There is certainly by now a widespread awareness that the running of the statute of limitations can, and does, defeat more than a few foreclosure actions. The perhaps anomalous result of that is the borrower keeping all the monies loaned and the lender recouping nothing. While sometimes the delay leading to such a draconian outcome may be attributable to the lender, on more than a few occasions it is not. Rather, the system imposes this under circumstances where many would find it more than dismaying.
But there is a savings provision in New York, that is CPLR §205, entitled “Termination of Action” which permits an action dismissed, which by the time of dismissal is by then barred by the statute of limitations, to be begun anew under certain circumstances. That is to say, it is not always available. This subject was addressed in our Alert of July 15, 2019, where the specific focus was a declaration that abandonment of a case leading to dismissal is not the same as neglect to prosecute – so the lender was permitted to start the action again. While this certainly seemed correct and well founded, it could also be viewed as a generous interpretation of the statute.
That was a 2018 case, but in 2019, the Court of Appeals addressed the overall interpretation of this very critical statute and meaningfully for a foreclosing plaintiff needing to invoke the benefits of CPLR §205, the Court analyzed the liberal nature of the provision. [See U.S. Bank National Association v. DLJ Mortgage Capital, Inc., 33 N.Y.3d 72, 122 N.E.3d 40, 98 N.Y.S.3d 523 (Ct.App. 2019)]. It is noted that the statute implements a policy preference of the legislature to determine actions on the merits. Moreover, because the statute is interpreted as remedial in nature, it is designed to permit plaintiffs to avoid the harsh consequences of imposition of the statute of limitations, allowing the claims to be adjudged on their merits – so long as the prior action itself had been timely brought, thereby placing defendants on notice of the claims.
Where this may be viewed in the vernacular as a close call, the court also warns that the statute’s “broad and liberal purpose is not to be frittered by any narrow construction.”
Interesting and helpful too, is the court’s interpretation of the statute’s effect as simple:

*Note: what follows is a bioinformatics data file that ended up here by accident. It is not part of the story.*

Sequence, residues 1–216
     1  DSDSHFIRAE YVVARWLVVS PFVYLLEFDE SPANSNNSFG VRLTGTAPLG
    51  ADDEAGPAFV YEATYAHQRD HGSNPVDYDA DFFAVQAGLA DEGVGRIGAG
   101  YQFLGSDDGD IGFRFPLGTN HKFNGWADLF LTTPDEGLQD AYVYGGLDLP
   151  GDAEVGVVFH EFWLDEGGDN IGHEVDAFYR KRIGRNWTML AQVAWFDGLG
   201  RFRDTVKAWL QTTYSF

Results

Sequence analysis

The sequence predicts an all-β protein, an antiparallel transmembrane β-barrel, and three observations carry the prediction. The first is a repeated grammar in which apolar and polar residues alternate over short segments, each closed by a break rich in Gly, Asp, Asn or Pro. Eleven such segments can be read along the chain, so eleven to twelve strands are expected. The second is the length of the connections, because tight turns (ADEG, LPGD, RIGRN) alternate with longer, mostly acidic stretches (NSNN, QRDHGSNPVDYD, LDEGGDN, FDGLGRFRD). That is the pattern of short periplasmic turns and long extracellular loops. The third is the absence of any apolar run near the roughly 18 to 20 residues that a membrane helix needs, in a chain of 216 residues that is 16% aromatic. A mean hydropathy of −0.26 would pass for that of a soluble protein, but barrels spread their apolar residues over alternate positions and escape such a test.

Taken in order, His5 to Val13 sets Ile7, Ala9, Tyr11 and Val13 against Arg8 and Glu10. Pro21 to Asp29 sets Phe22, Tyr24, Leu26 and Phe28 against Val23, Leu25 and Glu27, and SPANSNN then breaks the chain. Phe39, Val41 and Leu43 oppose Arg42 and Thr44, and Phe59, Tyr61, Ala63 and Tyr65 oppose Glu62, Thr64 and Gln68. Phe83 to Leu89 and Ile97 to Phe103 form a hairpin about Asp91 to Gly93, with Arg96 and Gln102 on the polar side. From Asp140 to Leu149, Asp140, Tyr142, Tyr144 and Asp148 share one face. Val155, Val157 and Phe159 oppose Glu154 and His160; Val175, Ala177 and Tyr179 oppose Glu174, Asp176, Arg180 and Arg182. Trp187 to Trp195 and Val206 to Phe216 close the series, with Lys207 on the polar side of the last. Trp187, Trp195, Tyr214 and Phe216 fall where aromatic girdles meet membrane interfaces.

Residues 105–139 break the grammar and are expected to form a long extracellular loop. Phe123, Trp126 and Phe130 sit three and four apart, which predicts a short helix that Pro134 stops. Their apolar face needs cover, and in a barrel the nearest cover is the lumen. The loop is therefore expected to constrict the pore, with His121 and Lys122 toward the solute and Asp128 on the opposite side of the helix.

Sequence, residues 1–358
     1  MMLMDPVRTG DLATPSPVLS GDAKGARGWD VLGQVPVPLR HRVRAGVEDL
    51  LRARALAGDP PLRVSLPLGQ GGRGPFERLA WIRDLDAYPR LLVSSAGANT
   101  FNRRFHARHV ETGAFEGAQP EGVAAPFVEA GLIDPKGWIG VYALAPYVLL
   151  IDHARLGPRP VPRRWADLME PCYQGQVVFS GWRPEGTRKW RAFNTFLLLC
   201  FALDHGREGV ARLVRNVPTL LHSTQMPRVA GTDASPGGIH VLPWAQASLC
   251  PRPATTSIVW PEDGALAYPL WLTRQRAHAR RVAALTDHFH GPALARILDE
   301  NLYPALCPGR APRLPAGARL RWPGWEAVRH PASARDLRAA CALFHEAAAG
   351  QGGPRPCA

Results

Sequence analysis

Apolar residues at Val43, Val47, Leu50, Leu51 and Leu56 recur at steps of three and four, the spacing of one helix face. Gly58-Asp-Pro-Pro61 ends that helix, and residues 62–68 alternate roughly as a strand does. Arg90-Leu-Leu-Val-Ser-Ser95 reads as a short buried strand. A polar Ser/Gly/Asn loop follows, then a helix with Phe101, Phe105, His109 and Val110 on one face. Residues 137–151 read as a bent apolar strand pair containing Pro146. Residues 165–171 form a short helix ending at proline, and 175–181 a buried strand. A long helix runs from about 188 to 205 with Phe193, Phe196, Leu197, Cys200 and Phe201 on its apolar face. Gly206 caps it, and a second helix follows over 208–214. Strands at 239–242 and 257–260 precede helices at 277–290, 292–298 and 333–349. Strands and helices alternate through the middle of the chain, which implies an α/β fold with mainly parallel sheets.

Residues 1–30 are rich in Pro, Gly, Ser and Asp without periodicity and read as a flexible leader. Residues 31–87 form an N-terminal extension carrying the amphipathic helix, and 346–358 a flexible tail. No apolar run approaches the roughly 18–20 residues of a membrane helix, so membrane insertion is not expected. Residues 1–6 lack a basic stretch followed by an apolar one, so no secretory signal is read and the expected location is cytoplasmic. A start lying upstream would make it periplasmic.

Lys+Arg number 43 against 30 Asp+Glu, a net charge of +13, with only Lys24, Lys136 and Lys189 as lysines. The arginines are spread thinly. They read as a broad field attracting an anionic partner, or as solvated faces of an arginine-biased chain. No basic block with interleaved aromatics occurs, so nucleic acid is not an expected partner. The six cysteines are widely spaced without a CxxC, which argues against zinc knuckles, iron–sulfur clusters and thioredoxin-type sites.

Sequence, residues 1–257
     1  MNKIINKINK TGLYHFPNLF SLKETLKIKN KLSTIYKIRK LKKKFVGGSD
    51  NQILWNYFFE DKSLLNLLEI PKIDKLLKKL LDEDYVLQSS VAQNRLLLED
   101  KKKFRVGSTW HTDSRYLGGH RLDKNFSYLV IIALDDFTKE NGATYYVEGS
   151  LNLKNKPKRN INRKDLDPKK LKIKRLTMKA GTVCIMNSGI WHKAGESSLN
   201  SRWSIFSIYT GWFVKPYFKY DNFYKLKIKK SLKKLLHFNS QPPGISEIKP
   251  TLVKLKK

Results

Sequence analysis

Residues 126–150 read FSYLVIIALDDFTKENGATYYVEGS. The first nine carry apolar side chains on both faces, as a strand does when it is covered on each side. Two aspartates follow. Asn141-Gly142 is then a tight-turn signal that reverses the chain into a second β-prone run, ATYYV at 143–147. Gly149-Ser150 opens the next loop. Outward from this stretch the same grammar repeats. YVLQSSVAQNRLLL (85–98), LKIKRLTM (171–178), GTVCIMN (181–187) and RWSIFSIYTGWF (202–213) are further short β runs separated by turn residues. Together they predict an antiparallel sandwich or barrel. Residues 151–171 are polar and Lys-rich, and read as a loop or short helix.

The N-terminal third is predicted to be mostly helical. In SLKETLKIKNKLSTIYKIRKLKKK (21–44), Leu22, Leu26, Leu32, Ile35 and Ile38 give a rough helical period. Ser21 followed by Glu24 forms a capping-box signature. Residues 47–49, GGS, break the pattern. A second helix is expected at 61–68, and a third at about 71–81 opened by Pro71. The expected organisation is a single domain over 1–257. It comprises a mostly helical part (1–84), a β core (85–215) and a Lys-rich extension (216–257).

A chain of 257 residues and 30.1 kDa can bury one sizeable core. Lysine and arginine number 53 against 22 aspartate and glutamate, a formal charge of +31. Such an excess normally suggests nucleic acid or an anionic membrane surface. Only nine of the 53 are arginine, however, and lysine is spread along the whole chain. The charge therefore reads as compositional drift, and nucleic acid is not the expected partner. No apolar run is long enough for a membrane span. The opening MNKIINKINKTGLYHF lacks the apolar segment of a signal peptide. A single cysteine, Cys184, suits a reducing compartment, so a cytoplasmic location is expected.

“if a timely brought action has been terminated for any reason other than one of the … reasons specified in the statute, the plaintiff may commence another action based on the same transactions or occurrences within six months of the dismissal of the first action, even if the second action would otherwise be subject to a Statute of Limitations defense, so long as the second action would have been timely had it been commenced when the first action was brought”
Finally as to the overall liberality of construction directed by New York’s highest court, by the very terms of the statute it becomes operative when an action has been terminated for some fatal flaw – but one unrelated the actual merits of the action; thus the statute is to be liberally construed.
Mr. Bergman, author of the four-volume treatise, Bergman on New York Mortgage Foreclosures, LexisNexis Matthew Bender (rev. 2019), is a partner with Berkman, Henoch, Peterson, Peddy & Fenchel, P.C. in Garden City, New York. He is also a member of the USFN, The American College of Real Estate Lawyers, The American College of Mortgage Attorneys, an adviser to the New York Times on foreclosure issues and writes a regular servicing column for the New York Law Journal. He is AV rated by Martindale-Hubbell, his biography appears in Who’s Who In American Law and he has been for years listed in Best Lawyers In America and New York Super Lawyers.